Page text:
‘frame_id’: ‘wpcom-iframe-d2b240e4fc873d4e9da7917899cef4a7-5453b1f4b500c’
}, window.location.protocol + ‘//wpcomwidgets.com’ );
}
}

// Autosize iframe
var funcSizeResponse = function( e ) {
var origin = document.createElement( ‘a’ );
origin.href = e.origin;

// Verify message origin
if ( ‘wpcomwidgets.com’ !== origin.host )
return;

// Verify message is in a format we expect
if ( ‘object’ !== typeof e.data || undefined === e.data.msg_type )
return;

switch ( e.data.msg_type ) {
case ‘poll_size:response’:
var iframe = document.getElementById( e.data._request.frame_id );

if ( iframe && ” === iframe.width )
iframe.width = ‘100%’;
if ( iframe && ” === iframe.height )
iframe.height = parseInt( e.data.height );

return;
default:
return;
}
}

if ( ‘function’ === typeof window.addEventListener ) {
window.addEventListener( ‘message’, funcSizeResponse, false );
} else if ( ‘function’ === typeof window.attachEvent ) {
window.attachEvent( ‘onmessage’, funcSizeResponse );
}
}
if (document.readyState === ‘complete’) { func.apply(); /* compat for infinite scroll */ }
else if ( document.addEventListener ) { document.addEventListener( ‘DOMContentLoaded’, func, false ); }
else if ( document.attachEvent ) { document.attachEvent( ‘onreadystatechange’, func ); }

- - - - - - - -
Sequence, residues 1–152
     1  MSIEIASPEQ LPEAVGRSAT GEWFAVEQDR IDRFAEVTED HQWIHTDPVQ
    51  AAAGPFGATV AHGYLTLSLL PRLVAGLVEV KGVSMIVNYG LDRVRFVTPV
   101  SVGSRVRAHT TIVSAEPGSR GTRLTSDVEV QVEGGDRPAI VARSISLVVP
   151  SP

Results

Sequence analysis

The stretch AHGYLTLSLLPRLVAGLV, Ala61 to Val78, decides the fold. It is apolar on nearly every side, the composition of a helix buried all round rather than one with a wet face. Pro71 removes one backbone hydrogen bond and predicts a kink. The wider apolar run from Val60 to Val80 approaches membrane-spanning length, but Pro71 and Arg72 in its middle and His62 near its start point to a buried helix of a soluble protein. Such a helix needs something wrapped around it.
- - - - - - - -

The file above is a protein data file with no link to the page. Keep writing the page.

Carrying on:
} )();

***

( function() {
var func = function() {
var iframe_form = document.getElementById(‘wpcom-iframe-form-f22394b9749ca03d178b87b14dfecbe0-5453b1f4b5b9b’);
var iframe = document.getElementById(‘wpcom-iframe-f22394b9749ca03d178b87b14dfecbe0-5453b1f4b5b9b’);
if ( iframe_form && iframe ) {
iframe_form.submit();
iframe.onload = function() {
iframe.contentWindow.postMessage( {
‘msg_type’: ‘poll_size’,
‘frame_id’: ‘wpcom-iframe-f22394b9749ca03d178b87b14dfecbe0-5453b1f4b5b9b’
}, window.location.protocol + ‘//wpcomwidgets.com’ );
}
}

// Autosize iframe
var funcSizeResponse = function( e ) {
var origin = document.createElement( ‘a’ );
origin.href = e.origin;

// Verify message origin
if ( ‘wpcomwidgets.com’ !== origin.host )
return;

// Verify message is in a format we expect
if ( ‘object’ !== typeof e.data || undefined === e.data.msg_type )
return;

switch ( e.data.msg_type ) {
case ‘poll_size:response’:
var iframe = document.getElementById( e.data._request.frame_id );

if ( iframe && ” === iframe.width )
iframe.width = ‘100%’;
if ( iframe && ” === iframe.height )